Thank you, wonder women
They say, behind every successful man there’s a woman. We say, behind every successful woman there’s a woman too. On International Women’s Day, The Telegraph talks to achievers who remember with gratitude the women who
have been the wind beneath their wings. Guess who wins hands down? The mother!
Rafia Naaz, 21
Yoga teacher & college student, Ranchi
She: She is a popular yoga teacher despite fundamentalist fatwas, and a firebrand student leader pursuing MCom from Marwari College who speaks her mind on issues ranging from triple talaq to women’s education. She bagged over 52 medals and certificates of appreciation in yoga at national and international events
Mother Jamila Khatoon: “She and my father Rizauddin Khan have stood behind me when conservatives were against my pursuing yoga. Yoga has nothing to do with religion. It’s all about health and well-being. My mother understands this”
Sister Rabia Naaz: “She is my biggest fan”
Rumi Kumari, 20
Counsellor, receptionist, college student, Ranchi
She: This girl from Burmu in Ranchi ran away twice when she was not even 10 and her father Sanicharwa Mahto forced her to work as a domestic help in Simdega and Patna. A self-made girl, she requested her block education officer to enrol her in Kasturba Gandhi Girls’ Residential School. Now a political science undergrad at Ramlakhan Singh Yadav College in Ranchi, she is a receptionist at NGO Vikas Bharti at Bariatu, and counsels girls who have survived trafficking, child labourers and school dropouts. She also campaigns against underage marriage
Mother Lalo Devi: “She never wanted me to work as domestic help, but couldn’t go against my father. When I wanted to study, she was my rock. When my father fixed the wedding of my underage brother for dowry, she convinced him not to”.
NGO worker Soumi Guha Halder: “I was very shy. She taught me how to put my views across and speak for others”
Premlata Agarwal, 54
Everester, Padma Shri, Jamshedpur
She: Hailing from a conservative Marwari business family and married to another at a young age, Premlata was a homemaker for decades till she met India’s first woman Everester Bachendri Pal. Naturally fit and athletic, Premlata trained hard to become the oldest woman Everester in 2011 at age 48 and gradually the first Indian woman to scale all Seven Summits. Now, she conducts adventure and fitness classes for women.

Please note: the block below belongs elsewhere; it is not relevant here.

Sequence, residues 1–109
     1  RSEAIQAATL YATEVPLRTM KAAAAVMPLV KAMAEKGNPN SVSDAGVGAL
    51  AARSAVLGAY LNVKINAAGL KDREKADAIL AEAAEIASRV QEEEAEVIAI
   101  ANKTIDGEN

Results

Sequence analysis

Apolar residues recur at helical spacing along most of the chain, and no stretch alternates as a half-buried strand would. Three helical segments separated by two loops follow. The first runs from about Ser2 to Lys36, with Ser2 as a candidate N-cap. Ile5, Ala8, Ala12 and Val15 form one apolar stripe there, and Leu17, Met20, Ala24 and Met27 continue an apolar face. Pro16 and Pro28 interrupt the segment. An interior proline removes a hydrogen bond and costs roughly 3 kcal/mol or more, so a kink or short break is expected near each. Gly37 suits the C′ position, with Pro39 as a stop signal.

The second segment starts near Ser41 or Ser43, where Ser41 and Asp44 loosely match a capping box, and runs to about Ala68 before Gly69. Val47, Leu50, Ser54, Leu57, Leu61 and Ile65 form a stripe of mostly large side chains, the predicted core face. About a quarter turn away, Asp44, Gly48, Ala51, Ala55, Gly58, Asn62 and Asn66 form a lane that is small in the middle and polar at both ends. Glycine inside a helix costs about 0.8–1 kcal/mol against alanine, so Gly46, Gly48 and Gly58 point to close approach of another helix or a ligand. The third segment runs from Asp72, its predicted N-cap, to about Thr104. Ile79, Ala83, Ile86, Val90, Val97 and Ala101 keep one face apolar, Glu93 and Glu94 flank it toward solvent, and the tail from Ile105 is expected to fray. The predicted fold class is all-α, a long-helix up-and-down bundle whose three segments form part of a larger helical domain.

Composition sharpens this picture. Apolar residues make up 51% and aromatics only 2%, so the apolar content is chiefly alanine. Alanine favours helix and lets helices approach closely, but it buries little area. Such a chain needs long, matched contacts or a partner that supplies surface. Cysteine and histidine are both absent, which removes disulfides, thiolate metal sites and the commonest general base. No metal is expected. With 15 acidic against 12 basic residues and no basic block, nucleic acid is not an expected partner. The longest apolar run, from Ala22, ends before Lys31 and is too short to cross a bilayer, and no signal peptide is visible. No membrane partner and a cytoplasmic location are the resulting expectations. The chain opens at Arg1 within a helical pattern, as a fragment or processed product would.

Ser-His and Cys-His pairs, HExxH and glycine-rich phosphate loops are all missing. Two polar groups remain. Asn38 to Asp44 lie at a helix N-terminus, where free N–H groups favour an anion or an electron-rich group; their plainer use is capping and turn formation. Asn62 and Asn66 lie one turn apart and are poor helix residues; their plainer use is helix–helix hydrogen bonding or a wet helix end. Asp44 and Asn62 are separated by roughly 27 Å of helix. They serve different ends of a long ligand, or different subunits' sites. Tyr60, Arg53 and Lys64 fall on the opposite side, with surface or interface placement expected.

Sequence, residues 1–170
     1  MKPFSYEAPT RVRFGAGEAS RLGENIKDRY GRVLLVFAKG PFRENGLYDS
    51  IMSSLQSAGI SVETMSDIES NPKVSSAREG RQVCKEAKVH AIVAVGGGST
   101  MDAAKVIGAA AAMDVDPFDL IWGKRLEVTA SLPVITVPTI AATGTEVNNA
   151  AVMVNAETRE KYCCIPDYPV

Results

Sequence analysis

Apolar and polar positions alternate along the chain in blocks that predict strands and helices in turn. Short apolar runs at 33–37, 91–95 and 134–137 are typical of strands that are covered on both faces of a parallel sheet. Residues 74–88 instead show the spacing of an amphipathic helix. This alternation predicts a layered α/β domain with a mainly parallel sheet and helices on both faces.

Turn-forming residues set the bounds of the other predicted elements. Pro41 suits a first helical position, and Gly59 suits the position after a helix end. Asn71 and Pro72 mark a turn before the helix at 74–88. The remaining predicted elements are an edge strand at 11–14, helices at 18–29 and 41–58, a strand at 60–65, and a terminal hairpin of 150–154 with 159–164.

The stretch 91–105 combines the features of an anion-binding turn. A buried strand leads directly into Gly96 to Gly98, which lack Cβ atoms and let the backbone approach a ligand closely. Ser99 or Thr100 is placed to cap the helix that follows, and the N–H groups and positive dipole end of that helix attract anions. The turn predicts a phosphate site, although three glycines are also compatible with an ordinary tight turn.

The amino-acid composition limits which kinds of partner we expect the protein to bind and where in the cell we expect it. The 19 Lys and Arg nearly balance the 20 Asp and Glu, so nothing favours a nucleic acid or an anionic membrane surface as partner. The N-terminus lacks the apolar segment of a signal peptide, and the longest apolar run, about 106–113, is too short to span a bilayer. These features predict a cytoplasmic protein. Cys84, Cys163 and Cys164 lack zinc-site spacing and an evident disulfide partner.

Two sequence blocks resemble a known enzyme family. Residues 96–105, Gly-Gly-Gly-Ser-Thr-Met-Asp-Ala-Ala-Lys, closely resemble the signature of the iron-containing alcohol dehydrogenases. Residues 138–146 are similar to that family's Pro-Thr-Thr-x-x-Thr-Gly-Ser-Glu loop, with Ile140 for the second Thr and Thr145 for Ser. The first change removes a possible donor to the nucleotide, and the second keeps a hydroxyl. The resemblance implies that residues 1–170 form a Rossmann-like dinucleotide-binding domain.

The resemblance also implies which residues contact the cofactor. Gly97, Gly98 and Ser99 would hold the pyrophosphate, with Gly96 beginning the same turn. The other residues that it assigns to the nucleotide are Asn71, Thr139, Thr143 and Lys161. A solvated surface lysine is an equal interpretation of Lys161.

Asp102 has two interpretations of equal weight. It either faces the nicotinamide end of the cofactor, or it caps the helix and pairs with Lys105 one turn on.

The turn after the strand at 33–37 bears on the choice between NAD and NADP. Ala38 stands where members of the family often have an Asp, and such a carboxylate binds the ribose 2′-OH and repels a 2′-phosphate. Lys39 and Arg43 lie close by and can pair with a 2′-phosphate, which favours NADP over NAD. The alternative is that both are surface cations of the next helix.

Mentor Bachendri Pal: “She has had the deepest impact in my life. She showed me the road to my dreams. I was a homemaker, but she was the one who instilled confidence in me that I could do anything, even scale the Everest. No dream too high. That was it”
Biyot Projna Tripathy, 54
Filmmaker & writer, Jamshedpur
She: Biyot Projna’s documentary, Ladakh — The Land of Mystery — won two National Awards (best film and best production). She’s written two novels and short story anthologies. Daughter of a professor father and a communist mother, she is a feminist and a traveller and has “raised my two daughters to be feminists too”.
Maternal grandmother Padmavati: “I saw her farm, fish and milk a cow, all considered men’s jobs. Though a villager, she listened to the All India Radio news every day and so was very well informed. If I looked good, she’d call me Reita Faria (India’s first Miss World). From her I learnt that a woman could do anything”
Hollywood actor Marilyn Monroe: “She was a woman ahead of her times. She knew what she wanted and was confident about her body”
Suman Prasad, 28
Artist, art school founder, Jamshedpur
She: Suman and her three sisters lost their father early and have grown up the hard way. But she went ahead to become a live artist whose energetic performances on the canvas are much sought-after at XLRI, NIT and corporate office events. She also runs her academy, FlaminArt, in Uliyan, Kadma
Mother Lakhsmi Devi: “It wasn’t easy for a homemaker with four daughters to lose her husband at a young age. But, somehow mom realised I loved to paint even before I did. When I was in Class VI, she admitted me to Jamshedpur School of Art in Kadma, but I left it as I wanted to play. She dragged me to the art school again. And here I am!”
Dr Neha Priyadarshini, 35
First IVF clinic founder, Dhanbad
She: Neha founded Satvik, the first in-vitro-fertilisation clinic of Dhanbad. Doing her MBBS from PMCH, Priyadarshi went on to do her PG from Jawaharlal Nehru Medical College from Wardha in Maharashtra and later topped the IVF exam held by Indian College of Obstetricians and Gynaecologists in Mumbai. Back in Dhanbad, she opened Satvik in 2015
Mother Dr Shivani Jha: “She’s a well-known gynaecologist who first pointed out to me the pain of Dhanbad women who face problems in getting pregnant. Not all can go to metros for infertility treatment”
Compiled by Vijay Deo Jha, Antara Bose & Praduman Choubey; pictures by Bhola prasad